By Peter Douglas
There are more reasons to love the Dandenong Ranges than the summer edition of Tourist News can cover.
Though one aspect that is worth exploring is the deep history embedded within all the popular tourist destinations that visitors may come across.
So, when you’re out ‘n’ about exploring this summer, why not consider the following while enjoying an outing in the hills.
Day-trippers: They loved the region even in the early 1900s. When motoring was in its infancy, from about 1913 onwards, the Dandenongs were among Victoria’s most desirable destinations.
Volcano: Geologists have estimated that 300 million years ago a large volcano existed in the region that now goes by the name of Mount Dandenong.
First inhabitants: The Wurrundjeri and Bunurong tribes were believed to have arrived about 20,000 years ago.
Etymology: Aboriginal people originally referred to the hills as ‘Banyenong’, which is thought to have meant ‘bush burned here in the past’. This name is believed to have been the source of the name Dandenong.
Artists: Have long been inspired by the region. One of Australia’s most celebrated impressionist painters Tom Roberts resided at Kallista. Also, author C.J. Dennis is thought to have penned Songs of a Sentimental Bloke at a Kallista property.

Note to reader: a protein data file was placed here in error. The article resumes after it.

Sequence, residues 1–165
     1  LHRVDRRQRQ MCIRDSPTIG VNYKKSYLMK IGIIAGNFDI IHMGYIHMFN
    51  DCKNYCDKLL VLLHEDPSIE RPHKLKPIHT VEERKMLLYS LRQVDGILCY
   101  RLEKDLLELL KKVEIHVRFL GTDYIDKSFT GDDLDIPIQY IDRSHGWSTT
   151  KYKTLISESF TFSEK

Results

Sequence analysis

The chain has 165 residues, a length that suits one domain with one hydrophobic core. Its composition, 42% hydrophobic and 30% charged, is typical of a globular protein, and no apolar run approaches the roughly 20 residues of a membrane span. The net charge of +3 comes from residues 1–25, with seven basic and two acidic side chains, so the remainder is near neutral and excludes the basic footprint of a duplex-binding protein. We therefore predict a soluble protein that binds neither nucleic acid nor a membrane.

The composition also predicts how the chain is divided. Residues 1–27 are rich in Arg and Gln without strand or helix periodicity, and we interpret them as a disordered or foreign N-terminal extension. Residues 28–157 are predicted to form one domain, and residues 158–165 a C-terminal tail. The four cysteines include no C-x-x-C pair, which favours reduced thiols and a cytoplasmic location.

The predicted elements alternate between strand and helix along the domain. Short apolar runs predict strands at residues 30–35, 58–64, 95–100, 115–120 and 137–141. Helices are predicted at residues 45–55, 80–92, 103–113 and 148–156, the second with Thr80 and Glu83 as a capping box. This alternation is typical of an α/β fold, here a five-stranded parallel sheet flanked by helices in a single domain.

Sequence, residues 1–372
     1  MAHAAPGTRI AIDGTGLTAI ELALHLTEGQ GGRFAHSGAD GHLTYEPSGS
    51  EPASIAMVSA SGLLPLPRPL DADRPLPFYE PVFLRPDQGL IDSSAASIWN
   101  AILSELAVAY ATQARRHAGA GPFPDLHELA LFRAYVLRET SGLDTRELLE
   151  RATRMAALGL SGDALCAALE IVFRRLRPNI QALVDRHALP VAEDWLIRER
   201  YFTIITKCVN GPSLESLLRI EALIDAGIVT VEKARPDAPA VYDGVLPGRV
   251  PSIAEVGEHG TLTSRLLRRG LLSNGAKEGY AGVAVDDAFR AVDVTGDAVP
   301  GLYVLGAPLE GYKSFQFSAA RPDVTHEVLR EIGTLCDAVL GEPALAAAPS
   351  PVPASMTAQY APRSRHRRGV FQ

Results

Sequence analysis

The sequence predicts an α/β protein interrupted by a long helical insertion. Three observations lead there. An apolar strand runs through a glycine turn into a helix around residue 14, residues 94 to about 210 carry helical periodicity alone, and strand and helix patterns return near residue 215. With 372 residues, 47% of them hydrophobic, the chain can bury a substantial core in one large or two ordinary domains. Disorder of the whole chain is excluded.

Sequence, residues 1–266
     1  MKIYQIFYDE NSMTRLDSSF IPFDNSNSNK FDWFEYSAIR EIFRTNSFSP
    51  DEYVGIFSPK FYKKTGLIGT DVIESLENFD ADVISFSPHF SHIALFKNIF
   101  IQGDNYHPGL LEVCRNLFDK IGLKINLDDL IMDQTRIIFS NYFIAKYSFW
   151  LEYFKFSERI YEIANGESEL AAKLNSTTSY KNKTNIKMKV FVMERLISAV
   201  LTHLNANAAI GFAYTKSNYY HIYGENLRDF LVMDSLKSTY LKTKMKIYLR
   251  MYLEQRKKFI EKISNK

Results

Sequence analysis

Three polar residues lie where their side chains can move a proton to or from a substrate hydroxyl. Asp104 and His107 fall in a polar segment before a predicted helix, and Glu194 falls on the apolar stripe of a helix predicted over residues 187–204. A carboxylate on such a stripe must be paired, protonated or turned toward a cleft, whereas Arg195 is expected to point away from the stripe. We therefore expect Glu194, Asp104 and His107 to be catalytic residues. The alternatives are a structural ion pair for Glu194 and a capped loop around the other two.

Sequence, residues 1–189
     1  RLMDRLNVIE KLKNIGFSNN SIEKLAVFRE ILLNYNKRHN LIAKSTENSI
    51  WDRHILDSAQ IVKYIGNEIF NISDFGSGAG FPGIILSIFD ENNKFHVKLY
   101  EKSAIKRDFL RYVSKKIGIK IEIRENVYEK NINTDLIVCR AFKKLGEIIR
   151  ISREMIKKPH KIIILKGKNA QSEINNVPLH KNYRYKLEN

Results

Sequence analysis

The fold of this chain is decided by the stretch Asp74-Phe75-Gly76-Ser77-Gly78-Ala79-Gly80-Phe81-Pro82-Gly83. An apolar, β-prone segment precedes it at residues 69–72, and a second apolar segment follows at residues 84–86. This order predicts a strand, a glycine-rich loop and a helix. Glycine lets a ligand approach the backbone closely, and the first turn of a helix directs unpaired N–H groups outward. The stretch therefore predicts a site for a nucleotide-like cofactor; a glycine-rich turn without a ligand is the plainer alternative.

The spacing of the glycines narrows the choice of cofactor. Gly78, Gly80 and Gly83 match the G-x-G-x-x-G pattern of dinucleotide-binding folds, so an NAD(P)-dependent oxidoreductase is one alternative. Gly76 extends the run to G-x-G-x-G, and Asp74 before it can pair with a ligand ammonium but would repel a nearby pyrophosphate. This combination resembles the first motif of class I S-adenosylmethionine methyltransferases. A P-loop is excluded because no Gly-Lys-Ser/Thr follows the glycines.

The house of Aspro: The eponymously titled Alfred Nicholas Gardens has its origins in one of the world’s most famous medical treatments, Aspro. Alfred and his brother, George, produced Aspro and became incredibly rich. They were known to be extremely generous.
130: The number of recorded bird species in the Dandenong Ranges, along with 31 species of reptiles and nine species of amphibians.
25 October 1938: Was the date of one of the region’s worst tragedies, the Kyeema air disaster. Eighteen passengers were killed in the tragedy, with the aircraft crashing into the western side of Mount Dandenong. The crash triggered the beginning of aircraft traffic control in Australia.
Tribute to soldiers: In 1997, the Thousand Steps became a Kokoda Track memorial. Many local groups, RSL clubs and individuals supported the enormously popular steps. The tribute honours the Australian soldiers who fought on the Kokoda Track in New Guinea during World War II.
180: Workers were involved in the initial construction of the Puffing Billy rail line, which began on 1 August 1899. The railway was completed in just 16 months, with construction costing £74,000.
– Source: The Dandenong Ranges by Nick Anchen